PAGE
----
The leader of Ecuador’s biggest and most violent gang, Los Choneros, Adolfo Macias, also known as Fito, vanished from his cell on Sunday. On Monday, prosecutors filed charges against prison guards after authorities deemed it a “prisoner’s escape.”
Macías was convicted of drug trafficking, murder, and organized crime. He was serving a 34-year sentence in La Regional prison of the port of Guayaquil, and he was scheduled on Sunday to be transferred to a maximum security facility in the same city.
Yesterday, a group of masked gunmen stormed into the middle of a public TV station’s live transmission and demanded employees be brought to the set and told to lie down. Terrifying screams could be heard followed by the sound of gunshots.
Ecuadorean Armed Forces)
A woman could be heard pleading, “Don’t shoot, please don’t shoot,” while a person could be heard screaming in horrendous pain. “Please, they came in to kill us,” a TC employee said in a WhatsApp message. “God don’t let this happen. The criminals are on air.” Fortunately, no one was killed.
Why has Ecuador declared a state of emergency?
President Daniel Noboa announced that he decided to decree a national state of emergency, a measure that lets authorities suspend people’s rights and mobilize the military in places like prisons.
It came after Ecuadorean officials on Tuesday announced that another gang leader, Fabricio Colón Pico of the Los Lobos group, had escaped from a prison in the town of Riobamba. Colón Pico was captured on Friday as part of a kidnapping investigation and has also been accused of trying to murder one of the nation’s lead prosecutors.
Other attacks include an explosion near the house of the president of the National Justice Court and the Monday night kidnappings of four police officers. Police said one officer was abducted in the capital, Quito, and three in Quevedo city.
Authorities say Los Choneros, one of the Ecuadorian gangs considered responsible for a spike in violence mostly tied to drug trafficking, has links with Mexico’s Sinaloa cartel.
TC TELEVISION/AFP via Getty Imag)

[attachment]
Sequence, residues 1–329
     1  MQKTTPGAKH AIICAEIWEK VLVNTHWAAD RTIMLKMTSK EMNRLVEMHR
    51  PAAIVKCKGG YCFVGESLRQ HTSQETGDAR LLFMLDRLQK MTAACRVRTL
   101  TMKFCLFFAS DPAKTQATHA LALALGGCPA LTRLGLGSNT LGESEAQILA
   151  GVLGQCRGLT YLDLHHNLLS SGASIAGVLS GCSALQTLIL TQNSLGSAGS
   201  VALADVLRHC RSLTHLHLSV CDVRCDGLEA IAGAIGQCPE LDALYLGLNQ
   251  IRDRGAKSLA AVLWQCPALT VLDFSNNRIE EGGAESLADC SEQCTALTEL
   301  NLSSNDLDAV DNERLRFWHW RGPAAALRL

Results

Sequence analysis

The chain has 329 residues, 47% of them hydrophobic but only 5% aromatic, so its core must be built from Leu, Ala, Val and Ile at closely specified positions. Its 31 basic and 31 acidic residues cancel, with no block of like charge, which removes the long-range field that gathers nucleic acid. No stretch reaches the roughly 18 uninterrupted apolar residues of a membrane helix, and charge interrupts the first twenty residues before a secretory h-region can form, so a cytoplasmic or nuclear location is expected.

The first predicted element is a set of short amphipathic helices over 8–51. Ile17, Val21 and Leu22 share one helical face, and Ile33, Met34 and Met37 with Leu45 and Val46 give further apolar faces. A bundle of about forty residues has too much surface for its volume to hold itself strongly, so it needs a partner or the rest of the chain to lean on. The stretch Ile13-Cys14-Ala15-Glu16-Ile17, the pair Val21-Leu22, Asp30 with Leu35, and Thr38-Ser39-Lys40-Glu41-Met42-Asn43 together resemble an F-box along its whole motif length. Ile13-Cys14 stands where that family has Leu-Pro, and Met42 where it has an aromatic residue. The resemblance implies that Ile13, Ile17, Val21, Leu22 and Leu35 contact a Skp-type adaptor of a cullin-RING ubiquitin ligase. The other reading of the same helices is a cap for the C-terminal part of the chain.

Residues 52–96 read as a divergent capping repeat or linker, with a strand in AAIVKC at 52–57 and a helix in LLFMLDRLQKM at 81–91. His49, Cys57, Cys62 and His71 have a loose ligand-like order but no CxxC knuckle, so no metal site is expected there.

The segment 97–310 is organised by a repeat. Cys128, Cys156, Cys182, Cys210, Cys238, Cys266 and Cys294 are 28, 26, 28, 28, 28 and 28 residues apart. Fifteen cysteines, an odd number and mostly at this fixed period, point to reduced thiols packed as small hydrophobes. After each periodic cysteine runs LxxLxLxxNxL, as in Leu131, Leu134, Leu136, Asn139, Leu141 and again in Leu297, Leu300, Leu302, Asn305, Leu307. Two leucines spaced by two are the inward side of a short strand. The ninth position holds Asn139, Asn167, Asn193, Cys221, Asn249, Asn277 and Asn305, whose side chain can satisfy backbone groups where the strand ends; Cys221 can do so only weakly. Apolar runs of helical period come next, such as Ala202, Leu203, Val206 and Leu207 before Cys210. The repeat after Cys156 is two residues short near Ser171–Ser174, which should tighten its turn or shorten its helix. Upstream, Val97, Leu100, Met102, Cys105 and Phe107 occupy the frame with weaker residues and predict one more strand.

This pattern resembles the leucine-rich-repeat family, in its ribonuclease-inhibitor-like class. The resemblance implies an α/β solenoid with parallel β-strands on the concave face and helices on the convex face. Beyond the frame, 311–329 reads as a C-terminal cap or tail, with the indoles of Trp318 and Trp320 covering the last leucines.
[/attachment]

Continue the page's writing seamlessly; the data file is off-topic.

Los Choneros is one of the Ecuadorian gangs authorities consider responsible for a spike in violence that reached a new level last year with the assassination of the presidential candidate Fernando Villavicencio. The gang has links with Mexico’s Sinaloa cartel, according to authorities.
The politician had said the criminal group led by “Fito” threatened him, but so far authorities haven’t directly accused Macías or his group of being behind Villavicencio’s murder.
EcuadorÂ´s National Police/AFP vi)
Days after Villavicencio’s killing, Macías was moved out of La Regional to the maximum security prison in the same large complex of detention facilities in Guayaquil, but he was returned to the same lighter security prison within less than a month without any explanation. In February 2013, “Fito” fled from a maximum security facility, but he was recaptured a few weeks later.
What is causing the crime?
Los Choneros and other similar groups linked to Mexican and Colombian cartels are fighting over drug trafficking routes and control of territory, including from within detention facilities, where at least 400 inmates have died since 2021, according to authorities.
Experts and authorities have acknowledged that gang members practically rule from inside the prisons, and Macías is believed to have kept controlling his group from within the detention facility.
AFP via Getty Images)
President Noboa, an heir to a fortune built on the banana trade, took over in November saying his government’s main objective is to reduce violence.
No one was killed in Tuesday’s attack and authorities say the 13 attackers were arrested and would be charged with terrorism. President Daniel Noboa, who came into power in November with a promise to bring peace to the South American country, issued a decree saying the violence-plagued country had entered an “internal armed conflict,” in what some analysts see as a watershed moment for Ecuador.
AFP via Getty Images)
Late Tuesday, Noboa met with his security Cabinet and, afterward, the head of the Armed Forces Joint Command said the attacks were the gangs’ reactions to the government’s moves against them. “They have unleashed a wave of violence to frighten the population,” Adm. Jaime Vela told journalists, describing the attacks as “unprecedented” in Ecuador’s history.
Will storming a television set be a ‘turning point’?
The South American country had been rocked by attacks since Monday night, but the assault on the newscast was seen in real time in thousands of homes across the country.
“This is a turning point,” said Will Freeman, a political analyst at the Council on Foreign Relations, adding that while gangs in Ecuador assassinated presidential candidate Fernando Villavicencio and set off car bombs in front of government buildings, Tuesday’s events marked a new peak in violence.
“Depending on how the government responds, it will set the precedent for these kinds of incidents to continue, or it will use this as a catalyst and make some very necessary structural reforms so that the state can start to win its war against crime,” Freeman said.